Now does a mischief Winter grip our Isle with hands
Which, Midas-like, turn all they touch to silvery ice.
Thus does our season prove itself more strong than old,
Its touch is an enchantment dazzling to behold.

Now does your gentle Queen make from adversity
A virtue, that you may not suffer from the frost,
Thus we decree a pleasure-time of festival;
And this, unsubtle Spring alone can dare annul.

“So frolic on the frozen Thames,
Which now stands still and hard with diadems
Of sparkling, ice-cased branches by.
For on the river’s glass stand high
Pavilions, which, by my command,
Shall host your games as though on land.”

Thus does your Queen, in rhyming with a magic clime,
Transform your ordinary world.  And so before
Untidy Spring, the wizard Winter’s callow heir,
Disturb the fête, go revel in the snow-bright air.

“But go and tell our gift to all the earth,
That all may know your pleasure and Our worth,
And think, nor joy nor players shall know death,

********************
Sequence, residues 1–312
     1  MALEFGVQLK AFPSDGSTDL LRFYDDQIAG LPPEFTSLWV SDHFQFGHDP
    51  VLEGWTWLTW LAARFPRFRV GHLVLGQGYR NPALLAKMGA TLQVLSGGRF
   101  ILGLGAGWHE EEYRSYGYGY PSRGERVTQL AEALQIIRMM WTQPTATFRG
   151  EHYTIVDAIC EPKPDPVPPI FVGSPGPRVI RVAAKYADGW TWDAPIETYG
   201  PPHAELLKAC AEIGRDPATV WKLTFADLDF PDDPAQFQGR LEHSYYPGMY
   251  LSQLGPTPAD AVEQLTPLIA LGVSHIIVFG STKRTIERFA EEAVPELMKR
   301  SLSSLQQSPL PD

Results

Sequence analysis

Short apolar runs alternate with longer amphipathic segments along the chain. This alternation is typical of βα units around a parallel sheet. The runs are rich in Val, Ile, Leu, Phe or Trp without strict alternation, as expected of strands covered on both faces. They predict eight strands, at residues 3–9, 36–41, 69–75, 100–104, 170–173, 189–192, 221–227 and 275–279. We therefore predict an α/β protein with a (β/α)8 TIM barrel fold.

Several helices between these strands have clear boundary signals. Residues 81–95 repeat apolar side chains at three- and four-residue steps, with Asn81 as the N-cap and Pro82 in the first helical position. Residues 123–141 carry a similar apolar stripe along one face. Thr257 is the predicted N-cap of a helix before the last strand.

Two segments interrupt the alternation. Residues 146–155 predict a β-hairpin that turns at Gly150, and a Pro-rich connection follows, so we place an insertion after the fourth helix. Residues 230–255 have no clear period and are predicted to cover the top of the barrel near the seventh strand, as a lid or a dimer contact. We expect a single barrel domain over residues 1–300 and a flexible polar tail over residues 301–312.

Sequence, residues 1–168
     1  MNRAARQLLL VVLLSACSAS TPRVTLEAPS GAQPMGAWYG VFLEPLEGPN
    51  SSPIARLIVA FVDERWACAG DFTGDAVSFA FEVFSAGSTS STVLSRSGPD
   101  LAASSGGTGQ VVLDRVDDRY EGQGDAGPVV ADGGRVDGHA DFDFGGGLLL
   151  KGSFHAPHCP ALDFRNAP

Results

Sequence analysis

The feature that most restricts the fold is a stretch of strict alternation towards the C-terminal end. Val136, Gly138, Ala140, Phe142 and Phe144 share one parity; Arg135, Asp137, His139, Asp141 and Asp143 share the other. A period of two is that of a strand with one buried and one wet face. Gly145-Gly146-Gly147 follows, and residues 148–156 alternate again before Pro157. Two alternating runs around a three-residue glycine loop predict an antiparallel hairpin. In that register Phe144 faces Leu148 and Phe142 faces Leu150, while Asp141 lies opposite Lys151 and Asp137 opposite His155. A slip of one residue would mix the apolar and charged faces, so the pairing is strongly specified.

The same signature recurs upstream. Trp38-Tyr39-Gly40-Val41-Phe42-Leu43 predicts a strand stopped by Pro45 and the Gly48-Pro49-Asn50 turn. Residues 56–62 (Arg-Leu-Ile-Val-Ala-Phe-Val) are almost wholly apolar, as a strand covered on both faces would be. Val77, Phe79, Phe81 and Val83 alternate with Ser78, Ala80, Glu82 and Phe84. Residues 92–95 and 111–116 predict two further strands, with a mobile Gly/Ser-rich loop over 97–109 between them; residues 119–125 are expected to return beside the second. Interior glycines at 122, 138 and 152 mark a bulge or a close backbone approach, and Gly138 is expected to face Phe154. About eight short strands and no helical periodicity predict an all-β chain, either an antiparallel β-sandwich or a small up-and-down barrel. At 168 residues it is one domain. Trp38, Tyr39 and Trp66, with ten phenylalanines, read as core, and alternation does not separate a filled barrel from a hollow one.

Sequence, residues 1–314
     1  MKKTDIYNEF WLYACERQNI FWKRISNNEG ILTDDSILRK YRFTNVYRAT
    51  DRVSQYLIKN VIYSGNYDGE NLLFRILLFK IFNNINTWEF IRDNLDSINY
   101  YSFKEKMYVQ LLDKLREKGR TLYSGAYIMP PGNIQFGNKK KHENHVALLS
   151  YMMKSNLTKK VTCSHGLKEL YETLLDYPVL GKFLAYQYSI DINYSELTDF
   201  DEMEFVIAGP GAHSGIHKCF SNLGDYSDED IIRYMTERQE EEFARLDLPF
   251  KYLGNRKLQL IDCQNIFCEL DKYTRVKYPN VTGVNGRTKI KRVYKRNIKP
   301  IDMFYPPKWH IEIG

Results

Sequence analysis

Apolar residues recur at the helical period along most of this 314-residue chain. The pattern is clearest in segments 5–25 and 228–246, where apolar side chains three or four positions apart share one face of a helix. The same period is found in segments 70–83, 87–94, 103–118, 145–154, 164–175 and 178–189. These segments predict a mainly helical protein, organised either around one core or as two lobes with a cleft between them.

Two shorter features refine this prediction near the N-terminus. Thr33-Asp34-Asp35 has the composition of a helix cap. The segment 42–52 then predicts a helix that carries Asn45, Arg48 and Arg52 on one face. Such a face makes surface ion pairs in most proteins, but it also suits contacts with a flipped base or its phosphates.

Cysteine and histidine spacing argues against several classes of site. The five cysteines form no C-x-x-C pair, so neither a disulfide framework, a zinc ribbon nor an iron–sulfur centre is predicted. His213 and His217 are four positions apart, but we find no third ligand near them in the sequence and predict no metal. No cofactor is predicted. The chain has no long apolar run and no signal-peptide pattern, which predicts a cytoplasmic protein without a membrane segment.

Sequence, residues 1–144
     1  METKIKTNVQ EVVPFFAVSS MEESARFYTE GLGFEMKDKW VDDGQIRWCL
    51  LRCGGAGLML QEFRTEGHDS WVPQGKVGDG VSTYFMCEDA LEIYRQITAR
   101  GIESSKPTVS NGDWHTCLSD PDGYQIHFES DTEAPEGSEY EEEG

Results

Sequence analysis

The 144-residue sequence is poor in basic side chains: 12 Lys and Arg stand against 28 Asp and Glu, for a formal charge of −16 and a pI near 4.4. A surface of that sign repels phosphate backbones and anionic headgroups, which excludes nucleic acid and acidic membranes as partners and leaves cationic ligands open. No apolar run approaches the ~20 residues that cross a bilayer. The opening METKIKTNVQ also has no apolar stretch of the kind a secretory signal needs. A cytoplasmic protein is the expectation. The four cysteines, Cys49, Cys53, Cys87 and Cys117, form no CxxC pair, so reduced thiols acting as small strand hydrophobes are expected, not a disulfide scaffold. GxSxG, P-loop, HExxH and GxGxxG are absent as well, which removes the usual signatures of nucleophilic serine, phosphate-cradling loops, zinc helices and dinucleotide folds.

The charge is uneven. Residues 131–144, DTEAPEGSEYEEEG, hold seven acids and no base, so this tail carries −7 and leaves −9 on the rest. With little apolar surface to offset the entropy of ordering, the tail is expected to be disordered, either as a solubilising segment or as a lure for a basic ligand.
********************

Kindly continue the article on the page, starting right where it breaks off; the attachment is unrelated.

So History may dote upon Elizabeth.”

 

Becca Menon is an American writer whose largely narrative poetic works, based in myth, fairy tale, folklore and Scripture have been hailed internationally in countries such as Iran, India, Iraq, Canada and the United Kingdom as well as the United States.  Some shorter works, essays and translations appear in print and online in publications that include Parnassus, Mezzo Cammin, Kritya, Antiphon and others.  She is associate editor of Phoenix Rising¸ a multilingual sonnet anthology.

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One Response

  1. Lew Icarus Bede

    Becca Menon,

    Your poem is enchanting; it “touches” Spenser, Shakespeare and Coleridge “in rhyming with a magic clime,” quite a feat for an American poet. Your point of view and personifications are intriguing, “mischief/wizard Winter” and “unsubtle/untidy Spring.” Stylistically, I enjoyed the rhyme “festival/annul” as well.

    Reply

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